Speaker: Conrad Leiva
ERPs have a very important function in the enterprise landscape that includes handling the financials, costing, capacity planning, order fulfillment, procurement and inventory control. There has been a lot of effort put into ERP with the legacy of initiatives, just-in-time manufacturing, the Sarbanes-Oxley Act, and other regulations that made organizations invest a great deal into ERP. ERPs have been expanding their footprint quite a bit to include a lot of manufacturing functions, but it is really hard for any system to try to do everything for the entire organization unless the needs of the organizations are simple. For most of our customer base in complex manufacturing, there are deeper needs on the shop floor.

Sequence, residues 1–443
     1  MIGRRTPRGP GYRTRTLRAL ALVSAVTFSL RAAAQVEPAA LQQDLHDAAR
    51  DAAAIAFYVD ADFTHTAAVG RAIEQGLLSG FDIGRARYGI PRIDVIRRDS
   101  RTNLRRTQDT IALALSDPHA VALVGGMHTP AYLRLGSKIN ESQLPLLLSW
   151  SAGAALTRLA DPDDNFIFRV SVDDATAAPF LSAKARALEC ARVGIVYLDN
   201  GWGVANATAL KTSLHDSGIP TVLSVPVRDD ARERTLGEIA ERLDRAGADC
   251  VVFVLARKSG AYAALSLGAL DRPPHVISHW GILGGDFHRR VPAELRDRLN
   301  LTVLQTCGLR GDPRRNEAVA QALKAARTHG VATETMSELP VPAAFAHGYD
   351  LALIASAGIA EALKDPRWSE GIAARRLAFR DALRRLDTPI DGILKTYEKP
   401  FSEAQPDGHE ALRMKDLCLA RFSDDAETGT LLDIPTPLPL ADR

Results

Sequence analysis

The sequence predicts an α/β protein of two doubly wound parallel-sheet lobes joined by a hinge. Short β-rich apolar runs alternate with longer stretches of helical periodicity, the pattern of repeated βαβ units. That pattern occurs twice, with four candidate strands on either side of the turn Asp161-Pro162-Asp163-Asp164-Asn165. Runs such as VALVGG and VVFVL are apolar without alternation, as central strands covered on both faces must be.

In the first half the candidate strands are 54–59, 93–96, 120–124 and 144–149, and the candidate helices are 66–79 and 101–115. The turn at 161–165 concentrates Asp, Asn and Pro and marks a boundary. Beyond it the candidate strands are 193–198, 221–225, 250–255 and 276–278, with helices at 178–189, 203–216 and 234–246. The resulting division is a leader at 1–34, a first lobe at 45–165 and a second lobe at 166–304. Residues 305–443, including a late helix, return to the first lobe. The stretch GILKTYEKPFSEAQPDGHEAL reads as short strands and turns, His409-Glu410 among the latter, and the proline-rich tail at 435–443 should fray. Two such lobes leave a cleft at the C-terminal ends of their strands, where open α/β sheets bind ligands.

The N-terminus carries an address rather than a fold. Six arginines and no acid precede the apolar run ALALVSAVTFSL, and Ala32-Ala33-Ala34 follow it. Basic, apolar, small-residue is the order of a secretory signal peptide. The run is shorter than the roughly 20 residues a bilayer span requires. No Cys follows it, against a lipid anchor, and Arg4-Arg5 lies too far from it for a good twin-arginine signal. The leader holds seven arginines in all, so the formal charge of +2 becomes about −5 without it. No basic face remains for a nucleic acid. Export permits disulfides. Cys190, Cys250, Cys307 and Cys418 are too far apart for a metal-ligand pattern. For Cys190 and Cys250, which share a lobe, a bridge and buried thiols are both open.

ERPs have expanded their reach quite a bit to include things like work order status, issuing of parts to the shop floor, and tracking labor and material costs in the work order. Those are important bridging functions among the shop floor, the ERP and the financial systems. Industries with more complex manufacturing processes need more functionality depth in terms of work instructions on the job floor, change management practices, tracking inspection results in detail, doing statistical process control, and performing process control procedures that go beyond the functionality of the typical ERP. A paperless shop floor requires 24/7 availability of the system, and ERP systems have a batch nature. They do not necessarily lend themselves to paperless practices.